How I almost Killed the DJ 💀

How I almost Killed the DJ 💀

My first cross-platform app made in 🇫🇮.

📅 September 1, 2018 (almost 6 years ago) - 📖 5 min read - 👀 66 views

In 2016, during my Erasmus year at Åbo Akademi University in Turku, Finland, I embarked on a noteworthy journey that marked a significant milestone as the beginning of software engineering career.

To validate the year, one of my class was to work on a real project during 3 semesters, and then a jury would elect the best project of all.

The idea

We settled very fast with my Erasmus team on one idea: Develop an application allowing individuals sharing the same WiFi network to vote for their favorite song. The votes would then dictate the playlist, with a Raspberry Pi connected to speakers, streaming the most-voted song via the Spotify API. Given the frequent social gatherings and parties common to the Erasmus student experience, this idea was handy for us. With "Kill the DJ", arguments over song selection would become a thing of the past.

Product Vision

How we built it

Building the application was complex, mainly because we decided to utilize Ionic as a cross-platform mobile framework (React Native wasn't that well known at the time) and Angular 2.

Google had just released its new flagshit (pun intended) framework, and Ionic had just switched new project creations to use Angular2 instead of AngularJS. Sadly, because of the recent Angular API changes, this resulted in scarce documentation and few precedents to follow for problem-solving. StackOverflow was filled with answers using an Ionic and AngularJS combination, and our experience building mobile apps was limited. Through many trial-and-error cycles and late-night coding sessions, we persevered and managed to get most of the voting features to work and the streaming app running on the Raspberry PI. It was ugly but it worked.

The app's name, "Kill the DJ," was inspired by two aspects. Firstly, the app's functionality eliminated the need for a human DJ at gatherings, effectively 'killing' the role. Secondly, the name is a nod to the eponym song from Green Day - a favorite among my team members and me (and also less than a year old at the time, time flies huh?).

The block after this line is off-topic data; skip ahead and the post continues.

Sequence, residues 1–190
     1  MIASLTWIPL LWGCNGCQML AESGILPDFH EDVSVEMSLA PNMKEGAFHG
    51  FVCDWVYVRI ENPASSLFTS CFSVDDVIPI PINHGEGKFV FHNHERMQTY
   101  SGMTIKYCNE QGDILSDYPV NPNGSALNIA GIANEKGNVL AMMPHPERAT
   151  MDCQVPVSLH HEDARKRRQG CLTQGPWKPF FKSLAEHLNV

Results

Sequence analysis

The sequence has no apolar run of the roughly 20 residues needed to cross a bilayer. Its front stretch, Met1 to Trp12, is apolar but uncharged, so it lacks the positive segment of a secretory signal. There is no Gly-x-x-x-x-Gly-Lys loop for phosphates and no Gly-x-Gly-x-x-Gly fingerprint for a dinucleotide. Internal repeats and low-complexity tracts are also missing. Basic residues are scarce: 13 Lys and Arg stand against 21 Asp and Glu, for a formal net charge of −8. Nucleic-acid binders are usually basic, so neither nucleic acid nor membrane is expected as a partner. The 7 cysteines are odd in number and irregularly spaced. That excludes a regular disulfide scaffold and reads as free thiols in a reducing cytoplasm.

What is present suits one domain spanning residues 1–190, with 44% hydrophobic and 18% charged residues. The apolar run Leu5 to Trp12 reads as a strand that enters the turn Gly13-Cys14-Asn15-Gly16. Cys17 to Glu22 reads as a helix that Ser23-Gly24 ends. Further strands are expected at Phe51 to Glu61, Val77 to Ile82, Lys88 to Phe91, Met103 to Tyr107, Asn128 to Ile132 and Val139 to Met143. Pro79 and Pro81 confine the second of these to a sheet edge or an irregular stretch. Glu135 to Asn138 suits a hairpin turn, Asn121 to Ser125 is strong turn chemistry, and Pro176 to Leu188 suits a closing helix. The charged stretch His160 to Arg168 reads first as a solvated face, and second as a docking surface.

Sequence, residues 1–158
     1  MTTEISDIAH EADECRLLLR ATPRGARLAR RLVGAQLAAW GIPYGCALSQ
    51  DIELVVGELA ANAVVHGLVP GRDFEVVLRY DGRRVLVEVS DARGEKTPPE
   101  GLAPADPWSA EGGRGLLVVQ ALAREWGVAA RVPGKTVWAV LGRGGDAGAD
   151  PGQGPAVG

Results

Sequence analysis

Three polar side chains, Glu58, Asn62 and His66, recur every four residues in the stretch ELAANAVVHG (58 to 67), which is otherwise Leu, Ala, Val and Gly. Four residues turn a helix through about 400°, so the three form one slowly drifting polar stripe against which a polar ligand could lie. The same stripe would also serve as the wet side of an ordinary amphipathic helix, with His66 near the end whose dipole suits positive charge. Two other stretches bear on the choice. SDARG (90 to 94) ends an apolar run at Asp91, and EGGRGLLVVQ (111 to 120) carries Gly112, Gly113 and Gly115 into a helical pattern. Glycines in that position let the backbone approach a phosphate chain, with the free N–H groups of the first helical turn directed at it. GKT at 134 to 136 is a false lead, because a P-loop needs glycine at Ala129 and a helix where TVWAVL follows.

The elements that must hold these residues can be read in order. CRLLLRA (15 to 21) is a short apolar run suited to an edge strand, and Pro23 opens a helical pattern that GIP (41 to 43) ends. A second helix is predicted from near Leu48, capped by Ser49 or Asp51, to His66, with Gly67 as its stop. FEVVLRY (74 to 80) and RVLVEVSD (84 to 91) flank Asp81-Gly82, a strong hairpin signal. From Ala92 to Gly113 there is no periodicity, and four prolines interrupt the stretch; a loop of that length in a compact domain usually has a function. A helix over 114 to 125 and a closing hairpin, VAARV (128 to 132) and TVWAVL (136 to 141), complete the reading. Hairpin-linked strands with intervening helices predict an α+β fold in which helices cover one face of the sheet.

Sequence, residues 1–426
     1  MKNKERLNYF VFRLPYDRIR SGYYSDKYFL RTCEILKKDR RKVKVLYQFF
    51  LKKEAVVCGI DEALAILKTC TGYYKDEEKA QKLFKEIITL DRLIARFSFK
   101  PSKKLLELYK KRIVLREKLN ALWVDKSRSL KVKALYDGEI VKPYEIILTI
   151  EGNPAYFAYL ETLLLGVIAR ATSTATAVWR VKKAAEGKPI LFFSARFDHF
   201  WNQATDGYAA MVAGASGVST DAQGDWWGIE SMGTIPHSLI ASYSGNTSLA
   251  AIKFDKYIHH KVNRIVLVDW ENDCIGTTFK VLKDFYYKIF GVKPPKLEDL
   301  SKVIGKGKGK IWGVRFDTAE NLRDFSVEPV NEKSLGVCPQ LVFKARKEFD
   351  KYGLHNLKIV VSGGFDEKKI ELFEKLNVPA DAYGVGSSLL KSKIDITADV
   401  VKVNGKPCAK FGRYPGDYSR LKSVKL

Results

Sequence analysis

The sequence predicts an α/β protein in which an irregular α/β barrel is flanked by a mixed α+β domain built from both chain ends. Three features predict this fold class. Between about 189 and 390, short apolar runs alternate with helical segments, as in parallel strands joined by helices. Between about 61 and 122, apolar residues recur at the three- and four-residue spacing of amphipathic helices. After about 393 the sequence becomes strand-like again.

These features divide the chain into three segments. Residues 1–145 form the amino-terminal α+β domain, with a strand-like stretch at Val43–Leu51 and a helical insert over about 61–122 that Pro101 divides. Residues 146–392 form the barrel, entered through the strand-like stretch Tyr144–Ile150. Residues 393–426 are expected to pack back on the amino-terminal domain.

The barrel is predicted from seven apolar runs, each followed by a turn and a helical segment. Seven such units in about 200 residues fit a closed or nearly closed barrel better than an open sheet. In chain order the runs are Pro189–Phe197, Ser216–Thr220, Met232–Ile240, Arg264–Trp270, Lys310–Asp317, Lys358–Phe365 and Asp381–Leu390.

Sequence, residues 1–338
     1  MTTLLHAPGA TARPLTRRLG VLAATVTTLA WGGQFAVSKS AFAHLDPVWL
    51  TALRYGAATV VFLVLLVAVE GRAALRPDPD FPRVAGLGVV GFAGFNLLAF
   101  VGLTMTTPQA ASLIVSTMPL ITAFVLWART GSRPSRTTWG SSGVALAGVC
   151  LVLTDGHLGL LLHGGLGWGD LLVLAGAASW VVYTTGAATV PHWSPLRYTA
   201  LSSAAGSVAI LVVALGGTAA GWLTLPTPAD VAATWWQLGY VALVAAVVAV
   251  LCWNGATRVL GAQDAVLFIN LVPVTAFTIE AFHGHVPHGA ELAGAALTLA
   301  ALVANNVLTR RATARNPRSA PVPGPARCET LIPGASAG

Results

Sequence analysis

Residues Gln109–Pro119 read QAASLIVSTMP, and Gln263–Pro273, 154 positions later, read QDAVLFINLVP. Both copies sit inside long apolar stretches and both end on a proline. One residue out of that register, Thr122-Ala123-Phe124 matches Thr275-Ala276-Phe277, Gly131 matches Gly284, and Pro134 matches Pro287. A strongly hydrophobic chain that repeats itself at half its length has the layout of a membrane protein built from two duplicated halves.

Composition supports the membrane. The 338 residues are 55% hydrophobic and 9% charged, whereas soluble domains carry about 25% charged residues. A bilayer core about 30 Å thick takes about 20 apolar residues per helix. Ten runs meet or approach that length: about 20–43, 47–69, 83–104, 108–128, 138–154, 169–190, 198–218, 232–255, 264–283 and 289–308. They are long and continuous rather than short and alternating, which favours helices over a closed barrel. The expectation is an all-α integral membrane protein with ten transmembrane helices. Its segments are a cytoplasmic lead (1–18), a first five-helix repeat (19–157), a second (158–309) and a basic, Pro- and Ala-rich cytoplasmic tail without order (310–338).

Results and aftermath

At the end of the academic year, we presented our project alongside 60 others in the ICT Showroom, a city-wide event where hundreds of students were invited to try the projects out. The jury would listen to pitches from every project the whole day. At the closing ceremony, the most ambitious, promising, and impressive projects got rewarded.

"Kill the DJ" received the Best Project Award, a testament to our innovative approach and the practicality of our concept. The jury congratulated us on the elegance and simplicity of our idea and its potential to streamline music selection at social gatherings.


Following our victory, a startup incubator approached us, expressing interest in enabling the app's growth. However, after careful consideration, we decided against this offer. With our studies drawing to a close, and team members being from 3 different countries, our team was set to disband. We also conducted extensive market research and found similar web applications already targeting this space. A few years later, Spotify would themselves release the same feature called Group sessions. Questions about the app's unique selling proposition and doubts about its monetization strategy also influenced our decision.


Despite deciding not to pursue the project further, our achievement did not go unnoticed. We were featured in a local Finnish newspaper, bringing a satisfying close to our journey.

In retrospect, my Erasmus year was not just about academic growth but also about diving into practical challenges, understanding the software development lifecycle, and learning to make informed decisions. (For example, don't build app with Angular) While "Kill the DJ" doesn't live, building it taught us so many things about how to work as a team, perseverance and how the power of the idea is as important as execution.

picture of me
Written by Nathan Brachotte

I'm a Product Engineer at heart, I've helped many companies build great team culture and craft high-performance, customer-centric, well-architected apps.
✨ Always aiming for that UI & UX extra touch ✨